Real-estate developer builds charter op from the ground up

 - May 7, 2008, 10:53 AM

Going from real estate to on-demand business jet charter seems a bit of a stretch. But according to Green Air founder Steven Green, it makes perfect sense.

Real estate was where Green began in 1981. The timing was good. Things went well, and then they got better. By 1998 he was expanding his real-estate interests into Florida and making a round-trip weekly pilgrimage to several central and south Florida cities to keep an eye on things. In the end, a litany of long lines, late flights and lost luggage led him to begin using on-demand charter. But charter also was less than Green expected. He recalls boarding “too many airplanes where the cabins had become shabby with use, run by companies that had lost sight of the meaning of service.”

In early 2000 he decided that aircraft ownership was the answer and that a Citation II would do nicely. To maximize his investment, he put the airplane with Westair at Westchester County Airport, a 45-min drive north of New York City. Managed by Westair on its Part 135 certificate, the airplane was available for charter when not in use by Green. But that didn’t work out so well either. In a matter of months Green found himself giving up use of his own airplane in favor of charter clients, which, he said, “put me right back where I was before–standing in lines at airports.”

At that point Green decided that if there was that much demand for charter, the obvious move was not only to own his own airplane, but the entire charter operation. Late last year he took delivery of a second Citation II and both airplanes were sent to Canada, where Flying Colours at Peterborough, Ontario, did a cabin refurbishment to Green’s specifications.

According to Green, the interiors specialist created “the equivalent of a Bravo interior” in the older Citation IIs. Both were configured for six passengers in a club seating arrangement. And in one airplane, the aft seats were moved six inches closer to the bulkhead to provide additional leg room.

A third airplane, a Hawker 600, was acquired on September 26. The interior, said Green, had already been refurbished and is very similar to those in the Citations. A Hawker 700 due to be added to the Part 135 certificate sometime this month will go to Flying Colours for an interior refurb before entering service.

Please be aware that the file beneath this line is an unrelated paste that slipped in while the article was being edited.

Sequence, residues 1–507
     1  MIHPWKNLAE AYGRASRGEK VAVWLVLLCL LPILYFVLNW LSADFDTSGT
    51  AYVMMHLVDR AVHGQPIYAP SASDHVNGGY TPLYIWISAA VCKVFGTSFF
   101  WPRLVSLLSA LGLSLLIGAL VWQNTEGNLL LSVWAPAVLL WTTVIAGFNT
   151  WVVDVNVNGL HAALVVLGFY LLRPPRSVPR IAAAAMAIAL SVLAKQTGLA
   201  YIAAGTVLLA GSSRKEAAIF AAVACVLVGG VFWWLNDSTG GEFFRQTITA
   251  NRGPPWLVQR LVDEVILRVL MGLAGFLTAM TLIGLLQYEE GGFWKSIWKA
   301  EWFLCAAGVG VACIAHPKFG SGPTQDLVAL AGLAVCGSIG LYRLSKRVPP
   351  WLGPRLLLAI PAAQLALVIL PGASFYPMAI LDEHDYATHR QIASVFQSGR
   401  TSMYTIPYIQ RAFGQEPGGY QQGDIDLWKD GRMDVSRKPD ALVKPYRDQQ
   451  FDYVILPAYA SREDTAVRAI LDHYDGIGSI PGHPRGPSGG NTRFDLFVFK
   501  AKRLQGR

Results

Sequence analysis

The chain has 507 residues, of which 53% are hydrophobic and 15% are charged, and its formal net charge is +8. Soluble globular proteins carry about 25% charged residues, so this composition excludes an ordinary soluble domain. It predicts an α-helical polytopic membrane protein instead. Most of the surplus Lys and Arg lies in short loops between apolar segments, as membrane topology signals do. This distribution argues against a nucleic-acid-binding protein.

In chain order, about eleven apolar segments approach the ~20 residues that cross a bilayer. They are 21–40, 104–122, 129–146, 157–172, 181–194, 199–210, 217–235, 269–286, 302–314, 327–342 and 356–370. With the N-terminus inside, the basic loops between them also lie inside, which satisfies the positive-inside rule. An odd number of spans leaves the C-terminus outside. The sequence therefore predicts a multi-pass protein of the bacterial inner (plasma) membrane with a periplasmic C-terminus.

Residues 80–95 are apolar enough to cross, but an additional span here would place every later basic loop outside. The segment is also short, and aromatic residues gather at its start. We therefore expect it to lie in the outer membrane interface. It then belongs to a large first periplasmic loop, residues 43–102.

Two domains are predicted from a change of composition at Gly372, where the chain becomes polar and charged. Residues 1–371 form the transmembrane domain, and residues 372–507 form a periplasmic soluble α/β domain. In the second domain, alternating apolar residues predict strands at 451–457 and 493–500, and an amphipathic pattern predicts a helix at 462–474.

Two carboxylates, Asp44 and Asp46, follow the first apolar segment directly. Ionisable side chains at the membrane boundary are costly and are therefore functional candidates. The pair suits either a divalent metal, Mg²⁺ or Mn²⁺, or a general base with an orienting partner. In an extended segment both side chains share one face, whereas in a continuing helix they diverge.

Green admitted that the 600, which does not meet Stage 3 noise requirements with the original Rolls-Royce Viper turbojets, may have some limitations in terms of airport restrictions. But he added that the recently refurbished interior “will more than meet the expectations of our passengers.”

Green said the company’s market is “business travelers and high-net-worth individuals in the New York City metropolitan area.” Among those already using Green Air are motion-picture director Penny Marshall and Sopranos star Lorraine Bracco.

A staff of nine, with Green as CEO, includes four pilots. Pilot Bob Tidler also wears a second hat as director of operations, and Charles DeSantis is chief pilot. The company is hiring two more pilots for the Hawker 600, and will hire an additional two before the Hawker 700 comes online.

Green Air received its Part 135 approval on June 25 and made its first flight the next day. It took a little longer to organize the launch party.

On September 26, in the 19th floor penthouse suite of the Essex House Hotel, overlooking New York’s Central Park, Green officially announced the opening of Green Air, which he described as “a professionally managed, privately owned ‘boutique’ charter airline.”

It is the boutique aspect of the company that Green says will distinguish Green Air from its competitors–personal touches like the client’s choice of catering. “Zabar’s, if that’s what they want,” said Green, referring to one of New York’s best known purveyors of fine food. Clients may also take advantage of limo service to and from the airport. “But not just any old limo service,” he pointed out. Green Air has its own drivers and its own vehicles; a Bentley in Florida and a Rolls-Royce Silver Seraph in New York. And the pilots, wear designer uniforms by Prada.

Green Air aircraft will be available to “a very limited number of other charter operators,” said Green. And he added that the company will not broker from another charter operator unless his staff has had an opportunity first to inspect the airplane.

“That’s the essence of Green Air,” he said. “We plan to serve discreet travelers with
more upscale service and treatment than the usual charter company.”